Despite the developments outlined above, the metaphor continued to thrive during the nineteenth century among both conservative anti-Darwinians and more liberal thinkers who enthusiastically adopted the principles and discoveries of contemporary science. A decade after the publication of Darwin's Origin of Species in 1859, Herbert Morris (1818–1897) argued that scripture and nature represent respectively the verbal and the pictorial aspects of divine wisdom, correlating the "inspired record of creation" with contemporary science (Science and the Bible, 1871). Paul Chadbourne (1823–1883) regarded nature as an unchangeable record, written in the language of the sciences of which geology comprised the most clearly comprehended volume (Nature and the Bible from the Same Author, 1870). Geologist Joseph Le Conte (1823–1901) declared that "the whole object of science is to construct the theology of the divine revelation in nature." Although quite clear about the limits of science as a commentary on the book of scripture, he held that "of these two books, nature is the elder born, and in some sense, at least, may be considered the more comprehensive and perfect" (Religion and Science, 1902).
The innovations in hermeneutics and science pushed the more religiously conservative wings of society in a precritical direction of maintaining verbal inerrancy and defending the ancient understanding of Earth history. The metaphor of the "book of nature" would gain weight as one of the cornerstones of their position, thriving in evangelical and fundamentalist-creationist circles right through the end of the twentieth century.
However, in both liberal and neo-orthodox theology the metaphor of "God's two books" entered into steady decline after 1900. Parallel to the development of historical geology and biblical criticism was the erosion of confidence that one can easily interpret natural processes teleologically, as William Paley (1743–1805) had once argued. The discovery of extinction in the fossil record challenged the ancient assumption of the immutability of species, rendering it increasingly difficult to read the "book of nature" as self-evidently revealing the divine plan, or at least a plan worthy of admiration. Additionally, the metamorphosis of "natural philosophy" and "natural history" into the variety of sciences as they are known today undercut both terms in the metaphor of "God's two books." As each new scientific discipline developed its own sphere of study, the "nature" underlying the "book of nature" lost its metaphorical coherence, and the replacement of science as commentary on authoritative texts by the empirical investigation of the natural world essentially removed the "book" from the "book of nature." Finally, the gradual recognition over the last two centuries that the human community embraces a plurality of religious faiths has had the effect of relativizing the Bible as a source of revelation. The "two books" metaphor truly functions only if the claim can be defended that the Bible is the book of scripture.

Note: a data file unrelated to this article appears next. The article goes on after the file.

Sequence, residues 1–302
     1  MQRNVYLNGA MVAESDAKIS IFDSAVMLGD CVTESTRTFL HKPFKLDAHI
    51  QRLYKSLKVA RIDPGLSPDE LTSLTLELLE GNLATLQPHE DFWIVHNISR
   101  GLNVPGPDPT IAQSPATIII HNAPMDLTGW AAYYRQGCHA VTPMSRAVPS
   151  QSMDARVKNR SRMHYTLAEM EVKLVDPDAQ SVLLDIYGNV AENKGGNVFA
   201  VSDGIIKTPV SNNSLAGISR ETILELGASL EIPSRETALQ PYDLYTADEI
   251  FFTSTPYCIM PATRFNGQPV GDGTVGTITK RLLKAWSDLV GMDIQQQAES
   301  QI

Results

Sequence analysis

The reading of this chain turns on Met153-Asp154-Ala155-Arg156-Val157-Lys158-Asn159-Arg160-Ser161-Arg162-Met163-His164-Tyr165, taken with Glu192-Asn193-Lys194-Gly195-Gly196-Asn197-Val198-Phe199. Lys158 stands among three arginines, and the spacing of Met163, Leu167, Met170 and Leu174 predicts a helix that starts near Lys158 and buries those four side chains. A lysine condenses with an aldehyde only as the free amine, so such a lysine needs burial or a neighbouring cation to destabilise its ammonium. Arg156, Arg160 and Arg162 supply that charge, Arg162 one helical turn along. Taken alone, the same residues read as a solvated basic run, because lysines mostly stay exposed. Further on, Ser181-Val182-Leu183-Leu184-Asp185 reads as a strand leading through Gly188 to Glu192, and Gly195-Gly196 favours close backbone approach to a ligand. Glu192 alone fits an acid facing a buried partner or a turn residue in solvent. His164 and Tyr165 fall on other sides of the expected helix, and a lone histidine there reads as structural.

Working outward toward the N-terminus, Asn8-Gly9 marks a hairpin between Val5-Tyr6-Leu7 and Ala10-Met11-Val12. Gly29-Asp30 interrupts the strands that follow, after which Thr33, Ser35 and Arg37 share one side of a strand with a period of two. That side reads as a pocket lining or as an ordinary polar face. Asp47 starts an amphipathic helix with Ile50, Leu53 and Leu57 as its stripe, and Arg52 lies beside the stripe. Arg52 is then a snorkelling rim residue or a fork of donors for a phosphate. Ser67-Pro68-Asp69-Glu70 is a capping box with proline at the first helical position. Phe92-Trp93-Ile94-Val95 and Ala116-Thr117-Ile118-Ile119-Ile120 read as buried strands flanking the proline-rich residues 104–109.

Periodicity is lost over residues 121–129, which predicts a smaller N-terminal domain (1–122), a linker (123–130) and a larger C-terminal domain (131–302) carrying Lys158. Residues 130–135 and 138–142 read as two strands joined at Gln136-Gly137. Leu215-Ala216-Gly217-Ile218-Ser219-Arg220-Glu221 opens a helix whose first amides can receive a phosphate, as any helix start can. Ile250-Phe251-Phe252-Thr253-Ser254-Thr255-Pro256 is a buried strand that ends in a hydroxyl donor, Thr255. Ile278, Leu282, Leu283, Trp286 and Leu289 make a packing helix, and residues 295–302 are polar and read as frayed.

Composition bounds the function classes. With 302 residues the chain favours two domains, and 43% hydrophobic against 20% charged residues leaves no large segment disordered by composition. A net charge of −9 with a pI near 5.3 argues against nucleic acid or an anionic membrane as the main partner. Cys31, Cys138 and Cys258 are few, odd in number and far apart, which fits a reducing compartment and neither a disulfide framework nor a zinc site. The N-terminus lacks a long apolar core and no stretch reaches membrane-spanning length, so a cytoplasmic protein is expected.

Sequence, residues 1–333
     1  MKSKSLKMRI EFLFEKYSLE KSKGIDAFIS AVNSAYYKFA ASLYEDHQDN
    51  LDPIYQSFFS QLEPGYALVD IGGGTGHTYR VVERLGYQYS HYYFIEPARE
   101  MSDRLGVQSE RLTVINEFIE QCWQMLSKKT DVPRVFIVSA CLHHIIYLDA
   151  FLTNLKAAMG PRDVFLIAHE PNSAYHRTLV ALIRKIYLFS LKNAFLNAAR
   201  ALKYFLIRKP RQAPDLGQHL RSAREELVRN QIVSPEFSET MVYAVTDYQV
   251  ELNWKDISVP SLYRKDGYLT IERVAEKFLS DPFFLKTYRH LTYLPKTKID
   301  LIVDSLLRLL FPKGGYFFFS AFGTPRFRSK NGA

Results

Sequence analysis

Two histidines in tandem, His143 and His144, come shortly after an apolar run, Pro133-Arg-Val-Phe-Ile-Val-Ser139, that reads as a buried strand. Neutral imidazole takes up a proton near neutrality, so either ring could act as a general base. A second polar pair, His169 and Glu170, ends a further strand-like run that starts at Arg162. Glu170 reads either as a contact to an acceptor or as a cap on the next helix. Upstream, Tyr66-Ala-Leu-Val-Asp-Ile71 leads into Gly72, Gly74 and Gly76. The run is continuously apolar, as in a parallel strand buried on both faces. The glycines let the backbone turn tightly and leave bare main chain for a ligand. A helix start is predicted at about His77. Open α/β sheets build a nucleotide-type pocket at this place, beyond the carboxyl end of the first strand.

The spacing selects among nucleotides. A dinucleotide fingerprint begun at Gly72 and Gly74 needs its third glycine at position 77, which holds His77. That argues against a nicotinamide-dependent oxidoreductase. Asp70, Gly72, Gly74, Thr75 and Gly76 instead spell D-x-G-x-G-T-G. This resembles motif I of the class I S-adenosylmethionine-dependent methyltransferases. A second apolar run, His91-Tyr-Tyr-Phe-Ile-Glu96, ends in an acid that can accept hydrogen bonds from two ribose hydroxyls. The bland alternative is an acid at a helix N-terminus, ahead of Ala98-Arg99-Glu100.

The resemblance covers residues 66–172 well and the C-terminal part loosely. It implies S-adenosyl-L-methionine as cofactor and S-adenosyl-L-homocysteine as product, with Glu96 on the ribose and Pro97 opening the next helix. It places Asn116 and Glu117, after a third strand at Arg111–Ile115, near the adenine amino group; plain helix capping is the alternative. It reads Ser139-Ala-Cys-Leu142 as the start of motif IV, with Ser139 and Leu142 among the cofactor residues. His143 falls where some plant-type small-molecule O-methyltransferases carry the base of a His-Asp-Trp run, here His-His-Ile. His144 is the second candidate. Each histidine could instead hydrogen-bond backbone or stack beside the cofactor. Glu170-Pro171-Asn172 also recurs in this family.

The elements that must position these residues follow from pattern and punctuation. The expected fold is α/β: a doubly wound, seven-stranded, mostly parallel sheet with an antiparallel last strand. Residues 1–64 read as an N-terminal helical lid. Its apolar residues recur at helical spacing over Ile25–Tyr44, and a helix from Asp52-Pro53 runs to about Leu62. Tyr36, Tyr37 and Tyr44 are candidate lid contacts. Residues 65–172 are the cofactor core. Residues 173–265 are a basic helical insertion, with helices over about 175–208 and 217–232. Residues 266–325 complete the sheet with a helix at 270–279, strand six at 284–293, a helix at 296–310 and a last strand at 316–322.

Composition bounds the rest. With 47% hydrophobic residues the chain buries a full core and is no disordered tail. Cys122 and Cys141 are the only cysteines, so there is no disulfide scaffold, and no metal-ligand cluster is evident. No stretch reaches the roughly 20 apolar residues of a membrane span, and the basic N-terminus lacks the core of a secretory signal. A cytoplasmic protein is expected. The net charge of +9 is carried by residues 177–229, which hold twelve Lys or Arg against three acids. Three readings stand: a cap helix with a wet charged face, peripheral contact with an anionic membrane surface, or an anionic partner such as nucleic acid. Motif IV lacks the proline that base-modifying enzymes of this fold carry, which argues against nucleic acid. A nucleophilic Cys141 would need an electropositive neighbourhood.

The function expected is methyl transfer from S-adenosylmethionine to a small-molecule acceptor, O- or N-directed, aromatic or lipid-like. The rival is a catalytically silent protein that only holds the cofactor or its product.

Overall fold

The complex theme of the "book of nature" has enjoyed a long and convoluted history. For nearly two millennia the metaphor variously framed, constituted, negated, or otherwise reflected the relationship between the two human institutions now referred to as science and religion. If it appears to be a less convincing rhetorical device in postmodernity, understanding the lifecycle of the metaphor can reveal a great deal about the conversation between religion and science.
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peter m. j. hess
"Two Books." Encyclopedia of Science and Religion. . Encyclopedia.com. (August 18, 2018). http://www.encyclopedia.com/education/encyclopedias-almanacs-transcripts-and-maps/two-books
"Two Books." Encyclopedia of Science and Religion. . Retrieved August 18, 2018 from Encyclopedia.com: http://www.encyclopedia.com/education/encyclopedias-almanacs-transcripts-and-maps/two-books